Transgender Discrimination in the Workplace Explained

Fight Workplace Discrimination Transgender Discrimination in the Workplace Explained

Stand Up for Your Rights and Fight Transgender Discrimination in the Workplace

One of the most recent forms of employment discrimination to make headlines is discrimination against transgender people.

While not specifically mentioned in Title VII of the Civil Rights Act of 1963 or other anti-discrimination laws, several recent court cases have certified that your LGBTQ+ status is protected against discrimination.

If you are experiencing transgender discrimination in the workplace, DoNotPay has all the info you need to fight for your rights!

What Forms Does Transgender Employment Discrimination Take?

There are many ways in which an employer can practice transgender workplace discrimination, the most common of which are as follows:

  1. Deliberate policies
  2. Discriminatory practices
  3. Allowing harassment
  4. Paying less
  5. Retaliating

Deliberate Policies

Some employers install deliberate policies to either stop transgender candidates from being hired or discriminate against them in their job. This is known as de jure discrimination, and its symptoms can include:

  • Screening out transgender candidates before or after their interview
  • Refusing to make accommodations in the provision of facilities for transgender employees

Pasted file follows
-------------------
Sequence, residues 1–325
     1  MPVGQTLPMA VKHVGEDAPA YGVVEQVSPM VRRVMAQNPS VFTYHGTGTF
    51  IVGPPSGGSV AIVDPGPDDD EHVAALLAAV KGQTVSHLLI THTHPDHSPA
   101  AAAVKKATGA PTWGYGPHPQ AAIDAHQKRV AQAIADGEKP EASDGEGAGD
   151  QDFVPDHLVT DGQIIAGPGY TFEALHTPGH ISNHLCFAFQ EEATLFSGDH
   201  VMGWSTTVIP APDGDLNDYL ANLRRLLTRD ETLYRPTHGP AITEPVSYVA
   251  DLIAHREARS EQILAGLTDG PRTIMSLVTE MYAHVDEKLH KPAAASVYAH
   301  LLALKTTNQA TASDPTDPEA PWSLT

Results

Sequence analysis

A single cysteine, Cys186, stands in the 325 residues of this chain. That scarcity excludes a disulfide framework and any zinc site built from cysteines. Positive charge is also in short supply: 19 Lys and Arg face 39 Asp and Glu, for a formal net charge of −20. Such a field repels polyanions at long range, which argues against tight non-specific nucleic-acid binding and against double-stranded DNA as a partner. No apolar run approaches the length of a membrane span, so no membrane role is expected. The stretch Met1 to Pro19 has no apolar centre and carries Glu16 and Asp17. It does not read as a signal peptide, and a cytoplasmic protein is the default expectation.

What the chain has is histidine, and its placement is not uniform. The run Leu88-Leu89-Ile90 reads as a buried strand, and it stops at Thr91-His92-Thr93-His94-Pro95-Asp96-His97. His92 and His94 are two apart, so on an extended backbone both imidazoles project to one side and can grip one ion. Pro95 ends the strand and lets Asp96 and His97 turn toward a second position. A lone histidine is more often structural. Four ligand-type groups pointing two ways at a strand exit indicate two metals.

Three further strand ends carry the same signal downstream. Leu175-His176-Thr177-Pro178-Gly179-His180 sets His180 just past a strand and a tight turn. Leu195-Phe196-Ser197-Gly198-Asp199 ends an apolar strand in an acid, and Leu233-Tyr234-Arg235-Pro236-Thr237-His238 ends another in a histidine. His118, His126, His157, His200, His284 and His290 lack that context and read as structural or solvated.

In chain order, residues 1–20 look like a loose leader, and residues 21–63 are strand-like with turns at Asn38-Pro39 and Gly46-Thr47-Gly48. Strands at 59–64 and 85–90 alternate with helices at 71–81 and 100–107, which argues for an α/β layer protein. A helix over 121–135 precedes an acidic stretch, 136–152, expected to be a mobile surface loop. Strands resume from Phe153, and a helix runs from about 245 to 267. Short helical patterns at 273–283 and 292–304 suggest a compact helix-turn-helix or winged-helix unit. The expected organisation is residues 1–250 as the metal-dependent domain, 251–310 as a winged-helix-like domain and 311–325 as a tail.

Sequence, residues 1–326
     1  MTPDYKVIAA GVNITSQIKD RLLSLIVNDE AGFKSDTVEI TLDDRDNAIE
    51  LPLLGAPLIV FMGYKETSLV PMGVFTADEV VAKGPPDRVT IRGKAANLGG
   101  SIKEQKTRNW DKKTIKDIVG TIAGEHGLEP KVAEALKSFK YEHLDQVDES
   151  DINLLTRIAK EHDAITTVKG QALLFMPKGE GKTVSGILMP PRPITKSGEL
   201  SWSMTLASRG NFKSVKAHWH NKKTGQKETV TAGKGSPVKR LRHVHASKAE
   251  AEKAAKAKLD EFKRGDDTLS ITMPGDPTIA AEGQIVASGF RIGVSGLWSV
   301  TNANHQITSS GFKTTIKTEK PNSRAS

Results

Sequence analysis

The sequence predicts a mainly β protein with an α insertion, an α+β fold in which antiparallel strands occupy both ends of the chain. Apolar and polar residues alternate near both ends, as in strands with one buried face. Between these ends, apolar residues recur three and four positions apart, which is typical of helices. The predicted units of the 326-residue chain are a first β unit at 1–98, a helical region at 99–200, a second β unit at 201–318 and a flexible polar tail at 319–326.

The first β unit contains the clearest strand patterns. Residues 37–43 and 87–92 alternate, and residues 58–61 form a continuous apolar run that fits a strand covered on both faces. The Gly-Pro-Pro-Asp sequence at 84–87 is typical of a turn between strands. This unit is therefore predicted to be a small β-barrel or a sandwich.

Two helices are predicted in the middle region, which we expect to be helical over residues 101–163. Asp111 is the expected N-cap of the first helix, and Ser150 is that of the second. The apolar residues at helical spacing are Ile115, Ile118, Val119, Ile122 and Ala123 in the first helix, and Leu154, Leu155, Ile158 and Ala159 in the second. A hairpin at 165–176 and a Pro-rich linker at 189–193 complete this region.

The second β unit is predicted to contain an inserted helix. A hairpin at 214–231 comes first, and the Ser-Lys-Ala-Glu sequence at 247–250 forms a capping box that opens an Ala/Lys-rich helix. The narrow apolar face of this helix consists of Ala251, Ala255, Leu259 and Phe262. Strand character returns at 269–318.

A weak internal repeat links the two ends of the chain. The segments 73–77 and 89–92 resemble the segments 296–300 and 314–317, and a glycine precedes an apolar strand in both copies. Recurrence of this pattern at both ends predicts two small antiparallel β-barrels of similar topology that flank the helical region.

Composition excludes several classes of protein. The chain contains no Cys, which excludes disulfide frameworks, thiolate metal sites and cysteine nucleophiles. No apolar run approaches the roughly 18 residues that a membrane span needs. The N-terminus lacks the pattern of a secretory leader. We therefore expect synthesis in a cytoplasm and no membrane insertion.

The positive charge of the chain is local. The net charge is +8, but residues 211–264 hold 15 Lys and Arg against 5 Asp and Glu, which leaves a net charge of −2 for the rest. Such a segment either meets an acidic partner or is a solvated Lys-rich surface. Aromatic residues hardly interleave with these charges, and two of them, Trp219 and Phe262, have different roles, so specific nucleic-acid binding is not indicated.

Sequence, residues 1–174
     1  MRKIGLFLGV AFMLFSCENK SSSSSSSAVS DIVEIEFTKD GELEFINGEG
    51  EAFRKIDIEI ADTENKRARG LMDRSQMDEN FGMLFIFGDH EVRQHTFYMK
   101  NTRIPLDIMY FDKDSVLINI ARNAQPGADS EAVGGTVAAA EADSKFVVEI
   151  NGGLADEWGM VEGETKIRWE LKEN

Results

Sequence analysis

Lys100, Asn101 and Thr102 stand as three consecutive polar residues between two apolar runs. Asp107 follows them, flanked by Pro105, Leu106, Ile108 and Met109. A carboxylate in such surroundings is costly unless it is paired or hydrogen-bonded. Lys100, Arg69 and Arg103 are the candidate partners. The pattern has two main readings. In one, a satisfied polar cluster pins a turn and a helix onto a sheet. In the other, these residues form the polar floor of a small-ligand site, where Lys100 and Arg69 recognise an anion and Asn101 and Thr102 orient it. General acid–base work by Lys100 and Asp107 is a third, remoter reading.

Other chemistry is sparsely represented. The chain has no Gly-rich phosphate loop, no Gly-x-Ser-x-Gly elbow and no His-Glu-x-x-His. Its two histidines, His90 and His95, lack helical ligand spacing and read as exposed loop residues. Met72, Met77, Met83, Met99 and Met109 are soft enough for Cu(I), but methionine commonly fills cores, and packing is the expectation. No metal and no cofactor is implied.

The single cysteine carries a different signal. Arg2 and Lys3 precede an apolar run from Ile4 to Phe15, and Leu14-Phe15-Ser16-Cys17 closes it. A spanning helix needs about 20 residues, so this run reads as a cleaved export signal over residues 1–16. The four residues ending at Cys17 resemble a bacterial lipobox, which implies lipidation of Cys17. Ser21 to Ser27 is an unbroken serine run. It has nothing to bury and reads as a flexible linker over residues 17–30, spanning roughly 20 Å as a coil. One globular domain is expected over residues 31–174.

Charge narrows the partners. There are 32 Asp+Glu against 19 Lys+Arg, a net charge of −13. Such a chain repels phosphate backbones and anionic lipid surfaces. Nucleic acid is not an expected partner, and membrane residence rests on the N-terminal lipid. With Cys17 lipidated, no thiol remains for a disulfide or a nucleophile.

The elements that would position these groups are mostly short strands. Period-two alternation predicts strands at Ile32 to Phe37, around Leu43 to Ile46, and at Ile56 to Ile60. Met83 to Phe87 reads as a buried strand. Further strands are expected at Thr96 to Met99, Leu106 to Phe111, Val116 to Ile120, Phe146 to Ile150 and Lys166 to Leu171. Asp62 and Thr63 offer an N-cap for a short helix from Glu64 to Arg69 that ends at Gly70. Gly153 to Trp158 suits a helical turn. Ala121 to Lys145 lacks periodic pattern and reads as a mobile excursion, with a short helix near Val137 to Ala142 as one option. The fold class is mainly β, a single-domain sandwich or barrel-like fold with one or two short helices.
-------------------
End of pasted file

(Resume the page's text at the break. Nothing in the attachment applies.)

Discriminatory Practices

Most companies have anti-discrimination policies in place, but some circumvent them in practice. This could be due to the individual actions of a supervisor or manager, but the company can be held liable for their actions.

Examples of such de facto discrimination are:

  • Re-allocating transgender employees to non-client-facing roles
  • Finding excuses for not providing gender-neutral restroom facilities
  • Enforcing dress codes based on an employee’s sex at birth

Allowing Harassment

Companies that allow or even condone harassment against transgender employees are breaking the law.

There is a fine line between innocuous banter or occasional jokes and harassment, but the victim should be able to decide when that line has been crossed.

Forms of transgender harassment can include:

Paying Less

If an employer re-allocates an employee due to their gender identity, the company may also change the terms of remuneration accordingly. This adds wage discrimination to the felony of gender discrimination and is illegal under the Equal Pay Act of 1963.


Employees who complain about transgender discrimination often face retaliation from their employer, including:

  • Freezing out of meetings or workgroups
  • Re-assignment
  • Demotion
  • Termination

Retaliation is considered discrimination and is the largest reason for discrimination charges lodged with the Equal Employment Opportunities Commission (EEOC). The number of retaliation charges in the last four years is as follows:

Discrimination Type2017201820192020
Retaliation—All Statutes41,09739,46939,11037,632
Retaliation—Title VII only32,02330,55630,11727,997
National Origin8,2997,1067,0096,377
Equal Pay Act9961,0661,117980
Total Charges Received84,25476,41872,67567,448

What Can You Do About Transgender Job Discrimination?

If you are a victim of transgender job discrimination, you will have to provide evidence of the following:

  • Acts of discrimination occurred
  • Your employer has an anti-discrimination policy